Inspired Schools, renowned for its Reddam House private school brand in South Africa, is gearing up to launch a substantial solar initiative next month. With an estimated value of R85 million, the project is set to kick off in September and is slated for completion by year-end.
The strategic venture is aimed at mitigating the adverse effects of load shedding, ensuring uninterrupted educational activities across 11 schools. Building on the success of a pilot solar project initiated at Reddam House Constantia in November 2022, Inspired Schools is collaborating with an engineering firm that will oversee the design, installation, and maintenance of solar systems across all participating campuses.
The groundbreaking project entails the installation of advanced solar panels alongside large-scale lithium batteries, effectively generating clean and sustainable electricity. This innovative approach guarantees continuous power supply even during load-shedding occurrences, bolstering the educational experience for students.
As part of its commitment to sustainability, Inspired Schools South Africa seeks not only to combat load shedding but also to reduce its carbon footprint and contribute to a greener future by embracing renewable energy.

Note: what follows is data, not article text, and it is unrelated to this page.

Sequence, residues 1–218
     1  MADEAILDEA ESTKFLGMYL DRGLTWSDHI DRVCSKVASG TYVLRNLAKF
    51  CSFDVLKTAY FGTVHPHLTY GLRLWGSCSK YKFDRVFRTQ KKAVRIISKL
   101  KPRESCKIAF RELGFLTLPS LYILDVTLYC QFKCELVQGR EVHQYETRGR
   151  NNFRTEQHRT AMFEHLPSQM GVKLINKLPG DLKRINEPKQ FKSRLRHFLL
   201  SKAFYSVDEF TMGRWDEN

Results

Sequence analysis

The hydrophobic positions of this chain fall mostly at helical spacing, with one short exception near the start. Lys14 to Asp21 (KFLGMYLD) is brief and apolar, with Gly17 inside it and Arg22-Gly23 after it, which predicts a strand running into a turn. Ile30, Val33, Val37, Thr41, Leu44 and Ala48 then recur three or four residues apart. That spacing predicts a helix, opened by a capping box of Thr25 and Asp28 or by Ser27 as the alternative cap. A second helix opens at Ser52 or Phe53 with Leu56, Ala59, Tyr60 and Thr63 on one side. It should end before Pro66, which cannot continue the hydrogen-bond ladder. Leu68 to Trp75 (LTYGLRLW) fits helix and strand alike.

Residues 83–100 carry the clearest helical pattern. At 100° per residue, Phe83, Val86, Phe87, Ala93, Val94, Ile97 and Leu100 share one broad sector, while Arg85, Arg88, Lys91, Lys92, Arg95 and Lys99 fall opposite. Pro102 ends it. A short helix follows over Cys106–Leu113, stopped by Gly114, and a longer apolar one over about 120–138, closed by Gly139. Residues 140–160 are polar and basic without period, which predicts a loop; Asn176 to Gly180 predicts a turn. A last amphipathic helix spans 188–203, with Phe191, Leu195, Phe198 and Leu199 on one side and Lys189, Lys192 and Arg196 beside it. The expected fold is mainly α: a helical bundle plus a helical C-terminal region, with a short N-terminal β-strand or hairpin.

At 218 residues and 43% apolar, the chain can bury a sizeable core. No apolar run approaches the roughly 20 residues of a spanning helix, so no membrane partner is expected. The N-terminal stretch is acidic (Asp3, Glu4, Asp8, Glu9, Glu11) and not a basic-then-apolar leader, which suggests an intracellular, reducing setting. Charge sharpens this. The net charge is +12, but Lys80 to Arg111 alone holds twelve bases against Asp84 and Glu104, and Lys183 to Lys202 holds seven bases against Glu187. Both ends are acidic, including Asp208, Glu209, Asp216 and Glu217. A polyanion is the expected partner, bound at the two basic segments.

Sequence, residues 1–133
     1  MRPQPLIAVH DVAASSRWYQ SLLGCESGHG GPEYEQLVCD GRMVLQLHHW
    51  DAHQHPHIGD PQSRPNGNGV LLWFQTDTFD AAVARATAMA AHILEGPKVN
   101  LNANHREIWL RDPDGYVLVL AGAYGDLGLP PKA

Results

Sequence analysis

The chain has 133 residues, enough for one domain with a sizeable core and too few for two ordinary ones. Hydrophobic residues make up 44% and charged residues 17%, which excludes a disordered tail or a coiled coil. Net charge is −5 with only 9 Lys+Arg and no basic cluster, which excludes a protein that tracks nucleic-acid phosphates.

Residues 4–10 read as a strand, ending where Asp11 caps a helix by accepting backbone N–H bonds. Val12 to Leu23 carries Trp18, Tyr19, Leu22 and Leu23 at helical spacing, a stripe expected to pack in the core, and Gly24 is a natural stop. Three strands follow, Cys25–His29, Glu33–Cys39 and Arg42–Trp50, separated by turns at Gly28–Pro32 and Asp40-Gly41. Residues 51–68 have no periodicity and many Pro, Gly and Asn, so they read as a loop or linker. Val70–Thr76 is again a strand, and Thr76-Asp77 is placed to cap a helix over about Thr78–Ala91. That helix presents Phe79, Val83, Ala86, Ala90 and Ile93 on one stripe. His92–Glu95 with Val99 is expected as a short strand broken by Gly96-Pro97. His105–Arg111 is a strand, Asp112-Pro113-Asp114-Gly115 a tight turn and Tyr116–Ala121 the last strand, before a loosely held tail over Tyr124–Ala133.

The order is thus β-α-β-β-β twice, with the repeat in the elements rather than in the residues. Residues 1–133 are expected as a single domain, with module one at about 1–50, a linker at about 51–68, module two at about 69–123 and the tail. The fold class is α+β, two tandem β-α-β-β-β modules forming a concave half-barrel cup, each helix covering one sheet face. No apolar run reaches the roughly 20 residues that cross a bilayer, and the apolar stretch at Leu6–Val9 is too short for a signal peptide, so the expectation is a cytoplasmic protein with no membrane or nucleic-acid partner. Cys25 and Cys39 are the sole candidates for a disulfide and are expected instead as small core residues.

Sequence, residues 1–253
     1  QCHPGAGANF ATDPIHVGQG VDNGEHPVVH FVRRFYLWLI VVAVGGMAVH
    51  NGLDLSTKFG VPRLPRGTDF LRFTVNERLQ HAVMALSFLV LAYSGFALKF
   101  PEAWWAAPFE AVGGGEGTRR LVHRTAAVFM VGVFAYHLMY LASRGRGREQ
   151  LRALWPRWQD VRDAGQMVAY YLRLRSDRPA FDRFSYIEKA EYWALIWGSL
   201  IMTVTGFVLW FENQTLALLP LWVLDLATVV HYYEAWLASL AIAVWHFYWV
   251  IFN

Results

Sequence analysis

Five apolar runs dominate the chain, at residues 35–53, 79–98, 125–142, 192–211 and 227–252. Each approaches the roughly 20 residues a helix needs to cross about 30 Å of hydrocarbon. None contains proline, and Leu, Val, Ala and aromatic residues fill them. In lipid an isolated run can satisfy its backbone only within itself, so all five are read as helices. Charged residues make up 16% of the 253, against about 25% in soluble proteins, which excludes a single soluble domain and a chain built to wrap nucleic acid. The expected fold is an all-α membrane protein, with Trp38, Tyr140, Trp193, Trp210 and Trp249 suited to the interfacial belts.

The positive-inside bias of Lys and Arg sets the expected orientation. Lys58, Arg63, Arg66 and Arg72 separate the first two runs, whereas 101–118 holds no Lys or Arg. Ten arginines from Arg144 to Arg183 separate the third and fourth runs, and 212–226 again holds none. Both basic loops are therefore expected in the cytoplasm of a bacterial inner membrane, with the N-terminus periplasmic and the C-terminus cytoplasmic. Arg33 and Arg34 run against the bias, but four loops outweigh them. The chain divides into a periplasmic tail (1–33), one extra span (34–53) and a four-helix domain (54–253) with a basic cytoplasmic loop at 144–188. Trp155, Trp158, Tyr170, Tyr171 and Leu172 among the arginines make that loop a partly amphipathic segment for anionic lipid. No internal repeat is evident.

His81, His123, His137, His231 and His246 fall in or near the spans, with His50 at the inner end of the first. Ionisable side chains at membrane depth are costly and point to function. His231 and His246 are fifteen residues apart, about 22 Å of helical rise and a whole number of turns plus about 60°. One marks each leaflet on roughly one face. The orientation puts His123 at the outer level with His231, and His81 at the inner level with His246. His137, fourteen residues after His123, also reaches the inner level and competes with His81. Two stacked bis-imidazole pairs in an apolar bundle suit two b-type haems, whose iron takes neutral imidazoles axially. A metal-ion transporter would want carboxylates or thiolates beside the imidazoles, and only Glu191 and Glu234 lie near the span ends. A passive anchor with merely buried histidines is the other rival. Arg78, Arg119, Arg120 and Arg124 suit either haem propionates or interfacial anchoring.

This initiative aligns with a wider trend of substantial growth in solar photovoltaic (PV) projects across South Africa. The nation marked a significant milestone in 2023 by importing solar panels worth over R8.4 billion in the second quarter, double the amount imported in the first quarter. This surge in solar imports is attributed to private sector-driven projects that aim to address load-shedding concerns and capitalize on tax incentives.
However, amidst the solar boom, concerns have emerged regarding the dominance of Chinese imports in the market, with local producers and businesses missing out on opportunities. Despite these challenges, South Africa’s government is actively engaging with China to secure access to more panels, highlighting the importance of solar energy to alleviate the country’s energy crisis. In this context, China has provided R170 million worth of equipment to support South Africa’s energy needs and is exploring further investments in the sector.